the3million’s response to Home Secretary Sajid Javid bragging that the EU Settlement Scheme is “performing well” without explaining how that performance is actually being measured.

Dear Sajid Javid, it is great to see that the early uptake on the EU Settlement Scheme is good.

We have a serious and concerning question though: How do you measure “performing well”?

Yesterday, the Home Office published the latest EU Settlement Scheme Statistics for May 2019. Loads of numbers, but very little insight.

EU Settlement Scheme statistics, May 2019. /

Yes, up to the end of May the Home Office received 788,200 applications. You say that it means the Settlement Scheme for EU citizens performs well.

But what do you benchmark this against?

What is your total target?

What is your monthly target?

EU Settlement Scheme statistics, May 2019. /

The report also reveals that 668,000 applications have been processed.

Again, no benchmark.

No measure of performance.

EU Settlement Scheme statistics, May 2019. /

Particularly worrisome is that the Home Office seems to have a backlog of 120,200 applications. Admittingly, down from 176,000 at the end of April, but still almost 3/4 of the number of applications received in the whole of May.

EU Settlement Scheme statistics, May 2019. /

After the beta phase, your department boasted (and repeated by Caroline Nokes again yesterday) that 75% of applications were processed without manual case worker intervention.

Does this still hold true? If yes, what is causing the backlog?

Why don’t you publish that percentage number?

EU settled status: how employers can help their European staff. / Personel Today

Equally worrying is the low percentage of EU citizens receiving Settled Status. According to your numbers only 64% get Settled Status, down from 66% in April.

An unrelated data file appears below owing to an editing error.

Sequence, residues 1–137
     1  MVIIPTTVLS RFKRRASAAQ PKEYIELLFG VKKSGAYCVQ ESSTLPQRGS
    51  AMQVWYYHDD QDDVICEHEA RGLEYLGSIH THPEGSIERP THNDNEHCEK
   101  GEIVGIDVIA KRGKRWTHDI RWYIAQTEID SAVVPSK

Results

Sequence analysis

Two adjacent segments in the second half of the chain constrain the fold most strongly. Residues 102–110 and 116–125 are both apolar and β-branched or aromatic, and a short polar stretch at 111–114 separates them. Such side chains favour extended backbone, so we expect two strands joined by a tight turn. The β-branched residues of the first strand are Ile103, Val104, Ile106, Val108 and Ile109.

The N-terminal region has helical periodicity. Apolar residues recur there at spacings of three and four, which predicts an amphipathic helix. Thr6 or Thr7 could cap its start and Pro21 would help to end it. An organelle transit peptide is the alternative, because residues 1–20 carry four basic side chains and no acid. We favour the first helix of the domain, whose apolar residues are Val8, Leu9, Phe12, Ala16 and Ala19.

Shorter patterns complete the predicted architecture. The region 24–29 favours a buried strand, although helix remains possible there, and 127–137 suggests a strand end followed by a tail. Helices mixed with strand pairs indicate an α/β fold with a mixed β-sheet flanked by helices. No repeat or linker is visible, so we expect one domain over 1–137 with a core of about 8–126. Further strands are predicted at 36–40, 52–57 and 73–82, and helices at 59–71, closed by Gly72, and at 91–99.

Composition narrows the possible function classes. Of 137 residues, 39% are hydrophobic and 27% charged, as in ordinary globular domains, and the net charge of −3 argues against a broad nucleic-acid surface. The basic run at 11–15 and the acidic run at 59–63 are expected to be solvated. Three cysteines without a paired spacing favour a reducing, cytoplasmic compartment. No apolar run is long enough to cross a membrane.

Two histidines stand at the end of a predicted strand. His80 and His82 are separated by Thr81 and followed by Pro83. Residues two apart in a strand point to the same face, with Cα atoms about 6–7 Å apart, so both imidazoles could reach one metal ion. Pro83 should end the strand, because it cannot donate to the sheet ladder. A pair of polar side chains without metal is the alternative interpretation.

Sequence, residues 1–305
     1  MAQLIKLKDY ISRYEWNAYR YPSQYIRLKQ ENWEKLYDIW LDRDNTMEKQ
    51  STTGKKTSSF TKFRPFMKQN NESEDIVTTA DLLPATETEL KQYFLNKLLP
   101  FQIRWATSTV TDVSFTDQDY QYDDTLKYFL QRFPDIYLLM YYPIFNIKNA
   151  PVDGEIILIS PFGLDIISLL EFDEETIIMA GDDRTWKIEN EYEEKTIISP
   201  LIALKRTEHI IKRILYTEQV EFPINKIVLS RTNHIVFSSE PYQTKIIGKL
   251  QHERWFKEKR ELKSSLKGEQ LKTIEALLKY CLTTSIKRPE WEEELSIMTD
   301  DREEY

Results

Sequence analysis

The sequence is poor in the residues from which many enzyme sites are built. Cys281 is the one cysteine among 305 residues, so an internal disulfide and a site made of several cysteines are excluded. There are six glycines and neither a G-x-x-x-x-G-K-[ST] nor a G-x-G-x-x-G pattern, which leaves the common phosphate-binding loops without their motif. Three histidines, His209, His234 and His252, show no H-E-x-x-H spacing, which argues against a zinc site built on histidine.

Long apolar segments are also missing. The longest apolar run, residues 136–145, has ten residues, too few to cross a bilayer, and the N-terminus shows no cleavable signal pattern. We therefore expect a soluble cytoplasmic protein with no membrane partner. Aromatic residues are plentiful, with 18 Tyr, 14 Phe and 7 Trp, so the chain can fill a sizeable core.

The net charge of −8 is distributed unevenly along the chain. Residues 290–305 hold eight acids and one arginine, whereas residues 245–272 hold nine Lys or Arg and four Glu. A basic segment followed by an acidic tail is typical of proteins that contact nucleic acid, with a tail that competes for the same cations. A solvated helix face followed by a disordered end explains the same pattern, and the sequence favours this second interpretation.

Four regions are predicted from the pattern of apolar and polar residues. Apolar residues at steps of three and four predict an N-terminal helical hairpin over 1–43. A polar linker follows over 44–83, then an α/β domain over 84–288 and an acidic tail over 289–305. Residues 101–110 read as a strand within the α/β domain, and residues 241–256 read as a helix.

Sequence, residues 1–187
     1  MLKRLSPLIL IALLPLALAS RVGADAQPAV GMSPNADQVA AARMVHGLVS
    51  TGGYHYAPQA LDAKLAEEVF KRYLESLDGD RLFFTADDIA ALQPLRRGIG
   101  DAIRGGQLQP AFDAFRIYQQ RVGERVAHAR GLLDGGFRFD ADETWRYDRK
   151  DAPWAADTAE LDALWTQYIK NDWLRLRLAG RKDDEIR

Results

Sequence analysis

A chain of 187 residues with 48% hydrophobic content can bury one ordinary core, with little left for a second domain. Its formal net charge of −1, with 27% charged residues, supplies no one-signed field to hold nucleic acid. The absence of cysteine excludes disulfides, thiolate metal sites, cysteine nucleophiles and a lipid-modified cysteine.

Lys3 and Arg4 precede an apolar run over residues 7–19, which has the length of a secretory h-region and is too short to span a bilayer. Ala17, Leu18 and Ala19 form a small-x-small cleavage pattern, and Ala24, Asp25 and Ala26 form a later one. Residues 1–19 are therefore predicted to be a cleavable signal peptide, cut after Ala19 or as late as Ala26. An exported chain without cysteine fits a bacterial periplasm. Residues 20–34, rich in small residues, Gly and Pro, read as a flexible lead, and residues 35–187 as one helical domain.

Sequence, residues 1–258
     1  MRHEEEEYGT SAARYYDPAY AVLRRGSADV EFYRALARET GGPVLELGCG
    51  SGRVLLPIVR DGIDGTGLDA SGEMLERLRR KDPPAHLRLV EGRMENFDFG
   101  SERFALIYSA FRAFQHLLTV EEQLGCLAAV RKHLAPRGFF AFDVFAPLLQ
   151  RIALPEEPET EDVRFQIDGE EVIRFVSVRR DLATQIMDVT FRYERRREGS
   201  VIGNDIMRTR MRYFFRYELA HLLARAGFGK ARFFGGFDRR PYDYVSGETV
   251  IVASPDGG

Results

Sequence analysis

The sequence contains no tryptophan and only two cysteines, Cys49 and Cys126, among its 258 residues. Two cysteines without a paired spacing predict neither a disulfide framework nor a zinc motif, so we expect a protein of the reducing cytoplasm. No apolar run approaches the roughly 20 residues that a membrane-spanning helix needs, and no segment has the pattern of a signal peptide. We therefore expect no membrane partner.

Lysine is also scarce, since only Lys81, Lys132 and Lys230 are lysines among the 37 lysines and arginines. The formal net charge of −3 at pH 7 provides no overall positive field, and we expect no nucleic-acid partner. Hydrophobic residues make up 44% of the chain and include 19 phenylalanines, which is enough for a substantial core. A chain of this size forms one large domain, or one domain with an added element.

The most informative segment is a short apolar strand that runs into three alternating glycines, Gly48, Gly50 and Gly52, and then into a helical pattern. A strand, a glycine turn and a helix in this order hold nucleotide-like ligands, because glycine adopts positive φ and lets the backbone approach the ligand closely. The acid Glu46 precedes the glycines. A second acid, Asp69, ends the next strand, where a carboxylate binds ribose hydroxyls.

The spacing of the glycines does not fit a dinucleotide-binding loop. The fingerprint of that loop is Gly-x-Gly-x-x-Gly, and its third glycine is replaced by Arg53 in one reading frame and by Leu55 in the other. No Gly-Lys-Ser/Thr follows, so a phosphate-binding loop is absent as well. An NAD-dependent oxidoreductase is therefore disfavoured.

What is your target?

EU Settlement Scheme statistics, May 2019. /

The Migration Observatory estimates about 69% of EU citizens have residence of more than 5 years in the UK and thus, should qualify for Settled Status rather than Pre-Settled Status.

What is driving the shortfall?

Duration of residence in the UK by country of birth and nationality, 2017. / The Migration Observatory

Is the shortfall of the Settled Status percentage driven by application patterns or, as the Home Affairs Committee suspects, by a system that too readily dishes out the fallback status of Pre-Settled Status?

Issues with the EU Settlement Scheme. / Home Affairs Committee -

Also, as meaningless as overall number of 788,000 applications is the table of applications by nationality.

Are 32,300 applications from French nationals a better performance than 5,000 Austrian nationals?

What is the benchmark?

And how many have been successfully processed? And what status?

EU Settlement Scheme statistics, May 2019. /

The data the Home Office is providing on the Settlement Scheme is meaningless without showing what “performing well”, or success, look like.

Headline grabbing large numbers but without substance.

Without defining what success looks like how can you be so confident that the Home Affairs Committee is wrong and that the Settlement Scheme will not leave thousands of EU citizens without, or the wrong, immigration status in 2021?

As the only solution to avoid another Windrush you MUST write the legal status of EU citizens into primary law NOW. No need to apply for status, but just a simple registration system. Otherwise, EU citizens’ lives will be shattered in 2021 and you won’t even know how many.🔷


Did you know the3million is the leading non-profit organisation of EU citizens in the UK? We are grateful of your support, as we simply could not have campaigned for citizens’ rights over the last 24 months without you. If you can afford it, please become a paying supporter today to allow the campaign to continue for the next 24 months and beyond if necessary.

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[This piece was first published as a Twitter thread and turned into the above article, with the author’s consent, with the purpose of reaching a larger audience. It has been minorly edited and corrected. | The author of the tweets writes in a personal capacity.]

(Cover: the3million.)